The Work Zone Data Initiative (WZDI) was created to gather best practices, educate practitioners, and move everyone to more standardized methods of data collection and analysis for work zones. This has included the development of a data dictionary, standard data elements and formats, and much more. The FHWA Work Zone Management Program recently published their quarterly newsletter detailing the progress made in this area. Learn more HERE.
Download the Work Zone Activity Data Needs & Opportunities report HERE.
This report was produced by Jerry Ullman and Melisa Finley of TTI. It looks at the benefits we can expect from more consistent data collection. In particular, local and state agencies, private data consumers, and contractors will all be able to compare projects, work zone impact mitigation strategies, and work zone design to find the safest, most efficient methods in any given situation. The benefits will be significant.
But there are many challenges as well. Currently work zone data collection in inconsistent due both to varying practices from one agency to the next and to a lack of funding. Getting to the point where everyone collects data on all work zones and in the same format will be a formidable undertaking.
And the richness of the data will make it even more complex. Consider the proposed elements for just this one item:
This will not be easy. But the rewards in reduced crashes and improved operational efficiency demand that we move forward. Perhaps we might start with a few “standard” elements such as location, dates, and measures of the temporary reductions in capacity as a way of demonstrating what can be done. Once consumers of this data get a taste, they will demand additional elements. And it will then be much easier to cost justify the effort.
In the Spring Edition of the FHWA Work Zone Management Program newsletter, they included a notice saying the FHWA Work Zone Data Initiative is looking for state agencies willing to use the Initiative’s new work zone data framework to collect, process and share data.
This initiative is important for a number of reasons, but primarily because until we have a national standard saying what data should be collected and how it should be stored and shared, we will not be able to compare work zone safety and efficiency from state to state. Every state truly is different, but by opening these doors each state will be able to learn what they do especially well, and where they might improve.
Todd Peterson is the FHWA manager for this project and we encourage states to talk with him to learn more about this effort and how they might get involved. But let’s take this a step further.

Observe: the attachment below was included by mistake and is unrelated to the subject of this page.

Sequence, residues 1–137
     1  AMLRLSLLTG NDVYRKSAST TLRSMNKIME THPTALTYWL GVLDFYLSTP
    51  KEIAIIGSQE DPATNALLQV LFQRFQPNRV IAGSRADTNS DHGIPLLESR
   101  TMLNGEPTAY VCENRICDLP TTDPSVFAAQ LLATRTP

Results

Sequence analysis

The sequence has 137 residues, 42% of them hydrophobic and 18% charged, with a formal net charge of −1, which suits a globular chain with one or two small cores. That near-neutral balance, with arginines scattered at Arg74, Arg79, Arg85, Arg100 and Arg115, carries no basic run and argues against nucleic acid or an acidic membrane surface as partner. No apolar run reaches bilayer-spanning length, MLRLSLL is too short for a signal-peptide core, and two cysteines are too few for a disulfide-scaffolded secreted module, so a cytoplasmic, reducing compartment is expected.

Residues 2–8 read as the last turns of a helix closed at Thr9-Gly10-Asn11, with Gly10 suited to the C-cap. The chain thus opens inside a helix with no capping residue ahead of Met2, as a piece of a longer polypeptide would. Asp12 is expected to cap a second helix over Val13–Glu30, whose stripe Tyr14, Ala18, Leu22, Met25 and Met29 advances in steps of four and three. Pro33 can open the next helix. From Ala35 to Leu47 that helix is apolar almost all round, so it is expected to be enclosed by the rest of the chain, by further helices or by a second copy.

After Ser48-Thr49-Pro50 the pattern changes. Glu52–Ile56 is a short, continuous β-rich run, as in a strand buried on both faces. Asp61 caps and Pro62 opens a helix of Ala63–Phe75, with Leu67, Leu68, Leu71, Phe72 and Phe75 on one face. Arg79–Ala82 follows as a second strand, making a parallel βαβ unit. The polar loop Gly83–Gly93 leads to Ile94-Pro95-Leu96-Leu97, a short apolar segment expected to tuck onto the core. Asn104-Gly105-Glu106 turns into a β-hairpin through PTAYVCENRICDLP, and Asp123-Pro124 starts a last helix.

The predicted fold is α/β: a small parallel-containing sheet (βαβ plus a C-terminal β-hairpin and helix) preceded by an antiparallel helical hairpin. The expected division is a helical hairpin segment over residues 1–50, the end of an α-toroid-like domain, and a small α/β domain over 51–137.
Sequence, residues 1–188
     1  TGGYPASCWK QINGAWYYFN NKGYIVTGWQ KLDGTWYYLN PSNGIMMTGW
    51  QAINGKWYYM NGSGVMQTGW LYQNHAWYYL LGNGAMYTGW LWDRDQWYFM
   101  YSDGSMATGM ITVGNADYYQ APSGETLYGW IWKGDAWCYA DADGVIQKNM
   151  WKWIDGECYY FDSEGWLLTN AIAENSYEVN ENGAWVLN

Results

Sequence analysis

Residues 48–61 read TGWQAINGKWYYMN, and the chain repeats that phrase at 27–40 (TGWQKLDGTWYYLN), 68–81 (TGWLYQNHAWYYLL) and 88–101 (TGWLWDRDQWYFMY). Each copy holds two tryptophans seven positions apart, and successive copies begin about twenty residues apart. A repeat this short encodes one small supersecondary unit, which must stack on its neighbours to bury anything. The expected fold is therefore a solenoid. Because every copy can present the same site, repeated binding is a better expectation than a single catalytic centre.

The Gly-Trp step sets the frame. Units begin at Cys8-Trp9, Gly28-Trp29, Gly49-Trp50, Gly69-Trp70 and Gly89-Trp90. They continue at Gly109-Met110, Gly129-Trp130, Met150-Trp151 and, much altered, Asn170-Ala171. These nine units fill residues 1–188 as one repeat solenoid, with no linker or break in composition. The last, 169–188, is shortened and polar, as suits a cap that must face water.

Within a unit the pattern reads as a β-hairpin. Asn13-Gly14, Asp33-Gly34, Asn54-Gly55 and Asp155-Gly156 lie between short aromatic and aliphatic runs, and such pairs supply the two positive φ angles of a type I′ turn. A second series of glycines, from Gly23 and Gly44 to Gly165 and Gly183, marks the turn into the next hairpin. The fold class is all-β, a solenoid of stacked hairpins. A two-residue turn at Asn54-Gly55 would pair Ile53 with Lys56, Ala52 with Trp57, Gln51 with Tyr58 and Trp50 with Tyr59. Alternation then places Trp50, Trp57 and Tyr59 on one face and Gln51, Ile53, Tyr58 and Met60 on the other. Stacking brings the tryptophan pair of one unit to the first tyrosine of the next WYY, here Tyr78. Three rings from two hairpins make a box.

If you are a state agency who is already working with Connected Work Zone systems please, PLEASE get involved in the initiative. The Work Zone Data Initiative is working to identify what data should be collected. If you are already working with Connected Work Zones you have a wealth of data at your fingertips. And if you have been doing it very long, you already have a good idea of what is valuable and what is less so.
Most states don’t know what is available. They have their own databases and not much else. So, we need your participation to be sure those types of data are included. You also have some experience with the format or formats for that data, and you may be able to offer good advice on the best one for this application.
This effort has been many years in the making. It would be a shame if it is done without your help. We might even have to scrap this new framework and start over if we don’t get it right the first time. Call or write Todd Peterson today. And learn more about the Work Zone Data Initiative by clicking on the links.
We in the work zone traffic control world and specifically the work zone ITS world have long wrestled with how best to gather and evaluate work zone data. This has been a topic of discussion at conferences, peer-to-peer exchanges, and in DOTs nationwide. These systems are now providing a great deal of data and the FHWA feels it is time we settled on a standard approach to that data. In response, they have launched the Work Zone Data Initiative (WZDI).
The stated goals of the initiative are:
“To develop a recommended practice for managing work zone data.” And to “create a consistent language for communicating information on work zone activity across jurisdictional and organizational boundaries.”
They are working to develop a specification for work zone data that supports DOT efforts throughout the project and also allows some sort of standardized evaluation and comparison once that project is complete. They want the data to become more useful for project planning, for real-time traffic operations, and for post project analytics.
This is something our industry must be involved in. Please let us know if you are. But if you are not, please contact Todd Peterson, FHWA Work Zone Management Team Transportation Specialist to express your interest. His email address is Todd.Peterson@dot.gov .
USDOT has also announced a competition on Advancing Innovative Ways to Analyze Crash Data. They point out that most crash data (as well as work zone data) is siloed and made available only on an annual basis. By opening those sources of data up, DOT hopes to take advantage of new tools such as machine learning (see 4/10/17 post) to gain insights on ways we can reduce roadway fatalities.
This effort is not work zone specific, but could result in improvements that our past state and project specific analysis was unable to find.